What makes someone an Alabama writer? Or, by reduction, even a “Birmingham,” “Mobile,” or for that matter, “Monroeville” writer, someone that citizens of a town or state can proudly claim for our own? Harper Lee is a special case, as she has lived and worked in the same town virtually all her life. But do we claim Pulitzer Prize winner Walker Percy since he was born in Birmingham and lived there until his teens? Or, since he then moved to Greenville, Mississippi, do we just write him off, so to speak, and let the great state of Mississippi (or Louisiana, for that matter) lay claim to his literary heritage? The reason I ask these questions is that, as we consider the literary landscape of Alabama, there are few writers who live, write, and then pass on in the same little postage stamp of native soil anymore. That can be problematic for a number of reasons.
For one, you are forced to stretch the definition of Alabama writers broadly where developing a term for "Alabama literature" should be understood as literature by Alabama writers as well as literature about Alabama. Here you enter a realm of writers that might include Tobias Wolff, T. S. Stribling, Edward O. Wilson, Booker T. Washington, even Martin Luther King, Jr. (“Letter from a Birmingham Jail,” anyone?). The point is not to overreach but to allow Alabama to take a little credit where credit is due.
Truman Capote spent much of his childhood in Monroeville which inspired his first novel, Other Voices, Other Rooms, though by then he had moved to New York. John Beecher, of the New England abolitionist family, grew up in Birmingham and wrote activist poetry in collections such as Report to the Stockholders and To Live and Die in Dixie and was blacklisted in the McCarthy era. But, by that point, he’d moved on from his childhood home. Ralph Ellison attended Tuskegee Institute in the 1930s, Barry Hannah taught at the University of Alabama, and Gay Talese attended UA. Richard North Patterson, formerly a partner in a Birmingham law firm who took creative writing at UAB, has since has sold over forty million copies of his books. All have drawn deeply from their Alabama formative years, something that occurs today as much as it did back when America’s first native-born naturalist, William Bartram, traveled though Alabama and the Southeast in the 1770s. (Bartram’s Travels is still in print after more than 200 years.) Can we safely call these people Alabama writers? Maybe.
Jake Reiss would probably say so. “Writers are frequently co-claimed by different states, so I think the justification of the claim is in the eye of the claimer,” says Reiss. Owner of The Alabama Booksmith in Birmingham, Reiss is well respected in the industry for his dedication to Alabama authors and his tenacity in bringing big names to town for book signings and other literary events. “Gay Talese was just in for a book signing and said this was the biggest signing he’s ever had—and despite his time at the University of Alabama, he’s as New York as they come,” Reiss says. “Howell Raines said the same at his signing.”
If Birmingham turns out for such literary events at one bookstore, what larger literary context do we then inhabit? As mentioned, the tiny town of Monroeville has produced some mighty writing talents such as Harper Lee, Truman Capote, and Mark Childress. Was there a minor literary revival in Birmingham’s Southside neighborhood in the 1960s and 70s when Gene Crutcher’s bookstore became the intellectual nexus for a generation of young writers like Allen Barra, Steven Ford Brown, the Covingtons (Dennis and Vicki), and Michael Swindle? Could we be in the midst of another literary revival with the Civil Rights-inspired novels and autobiographies by local writers such as Sena Jeter Naslund, Paul Hemphill, Diane McWhorter, Leah Rawls Atkins, Howell Raines, and others who experienced the turbulent 1950s and 60s here? I don’t know for sure, but I do know that Alabamians—writers, readers, professors, and anyone proud of their state and fellow citizens—should play a part in the ultimate decision.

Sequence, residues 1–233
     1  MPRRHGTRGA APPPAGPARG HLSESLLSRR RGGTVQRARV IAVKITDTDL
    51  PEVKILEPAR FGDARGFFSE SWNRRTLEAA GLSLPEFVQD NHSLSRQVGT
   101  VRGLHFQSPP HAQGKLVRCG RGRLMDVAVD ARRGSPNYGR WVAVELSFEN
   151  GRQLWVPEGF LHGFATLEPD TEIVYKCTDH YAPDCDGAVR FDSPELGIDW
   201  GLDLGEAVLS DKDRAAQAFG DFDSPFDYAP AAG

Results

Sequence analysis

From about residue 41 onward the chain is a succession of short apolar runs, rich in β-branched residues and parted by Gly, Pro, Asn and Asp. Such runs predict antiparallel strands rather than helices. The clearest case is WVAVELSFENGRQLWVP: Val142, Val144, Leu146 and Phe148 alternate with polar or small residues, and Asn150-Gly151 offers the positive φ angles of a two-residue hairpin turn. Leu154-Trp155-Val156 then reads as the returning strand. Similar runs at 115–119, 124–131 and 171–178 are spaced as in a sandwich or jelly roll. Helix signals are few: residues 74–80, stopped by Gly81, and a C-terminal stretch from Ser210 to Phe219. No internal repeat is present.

It’s the same with those “stretch” Alabama writers, the one where arguments might wear thin such as Zora Neale Hurston (born in Notasulga), Lillian Hellman (Demopolis, her mother’s home, is the setting for her play, The Little Foxes), James Agee (whose seminal work, Let Us Now Praise Famous Men, deals with Alabama sharecroppers in the 1930s), and others. Without Alabama, their oeuvre begins to look quite different, and I can’t help but take some pride in our state’s contribution to this expanse of literature.
It’s a minute point, perhaps, but, while other states tend to rally round the writers and poets that once called this-and-that spot a home, what is Alabama’s literary heritage? Who gets to claim it? My answer? We all do, it’s just there for the taking. Jay Lamar, director of the Alabama Center for the Book, tends to agree. A part of the Outreach Office for Auburn University’s College of Liberal Arts, the Center works to share scholarship and learning with the state of Alabama by promoting reading, literacy, and Alabama writers. Lamar spends much of her time discussing and expanding on just what an Alabama writer might be. “In Alabama, we tend to look to Georgia and Mississippi, and we have no idea of the literary heritage we can boast,” Lamar says. “Somehow fiction helps us understand ourselves or see ourselves more clearly.”
As we begin to look more deeply at the literature that we as Alabamians create, we begin to understand more clearly the contributions, the impact, and the rich history we have to draw upon, both in literature and in life. It raises the question: Does all this really matter? I don’t know, but we all get to decide.
Todd Keith (BA ’91) is a past editor of PORTICO Magazine in Birmingham. He is currently editor of SweetTea Journal and Senior Editor of Thicket. A version of this essay appeared in the October 2006 edition of Portico.